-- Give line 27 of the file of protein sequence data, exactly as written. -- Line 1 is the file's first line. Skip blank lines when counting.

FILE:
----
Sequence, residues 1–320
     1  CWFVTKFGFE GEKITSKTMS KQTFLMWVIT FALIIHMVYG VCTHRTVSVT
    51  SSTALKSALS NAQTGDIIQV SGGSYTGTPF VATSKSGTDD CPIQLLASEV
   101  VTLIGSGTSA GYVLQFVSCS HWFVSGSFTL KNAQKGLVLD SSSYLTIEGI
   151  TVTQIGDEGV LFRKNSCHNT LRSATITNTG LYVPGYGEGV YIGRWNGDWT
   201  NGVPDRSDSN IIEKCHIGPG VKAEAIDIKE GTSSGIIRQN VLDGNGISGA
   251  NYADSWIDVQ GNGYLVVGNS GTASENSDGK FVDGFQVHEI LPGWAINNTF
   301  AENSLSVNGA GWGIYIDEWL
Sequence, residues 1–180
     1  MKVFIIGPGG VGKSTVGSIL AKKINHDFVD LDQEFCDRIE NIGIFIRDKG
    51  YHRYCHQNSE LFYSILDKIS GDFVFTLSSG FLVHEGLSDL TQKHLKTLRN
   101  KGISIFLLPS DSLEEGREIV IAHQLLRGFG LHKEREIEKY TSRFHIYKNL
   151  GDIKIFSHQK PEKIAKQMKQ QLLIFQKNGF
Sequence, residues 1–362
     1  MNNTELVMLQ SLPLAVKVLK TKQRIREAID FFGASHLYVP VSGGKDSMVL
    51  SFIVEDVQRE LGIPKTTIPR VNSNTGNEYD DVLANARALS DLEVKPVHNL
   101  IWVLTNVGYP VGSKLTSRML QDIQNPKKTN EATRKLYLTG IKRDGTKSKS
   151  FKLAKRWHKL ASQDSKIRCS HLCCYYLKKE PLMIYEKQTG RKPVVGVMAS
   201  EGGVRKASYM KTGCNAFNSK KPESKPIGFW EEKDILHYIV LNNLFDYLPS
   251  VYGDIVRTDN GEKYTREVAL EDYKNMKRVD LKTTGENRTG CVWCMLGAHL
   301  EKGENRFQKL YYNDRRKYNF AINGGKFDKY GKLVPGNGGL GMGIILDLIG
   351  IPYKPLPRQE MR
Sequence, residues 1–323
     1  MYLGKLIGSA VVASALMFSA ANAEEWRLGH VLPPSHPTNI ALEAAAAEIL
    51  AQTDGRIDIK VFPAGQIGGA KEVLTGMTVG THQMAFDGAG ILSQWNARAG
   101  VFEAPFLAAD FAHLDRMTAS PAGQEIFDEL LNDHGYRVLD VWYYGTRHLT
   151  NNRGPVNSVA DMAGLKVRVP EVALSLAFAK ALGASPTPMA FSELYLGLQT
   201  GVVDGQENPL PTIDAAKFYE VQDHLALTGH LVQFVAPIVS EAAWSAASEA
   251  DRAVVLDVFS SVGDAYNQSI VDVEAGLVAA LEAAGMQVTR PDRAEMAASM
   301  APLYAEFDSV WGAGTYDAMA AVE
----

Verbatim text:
   151  NNRGPVNSVA DMAGLKVRVP EVALSLAFAK ALGASPTPMA FSELYLGLQT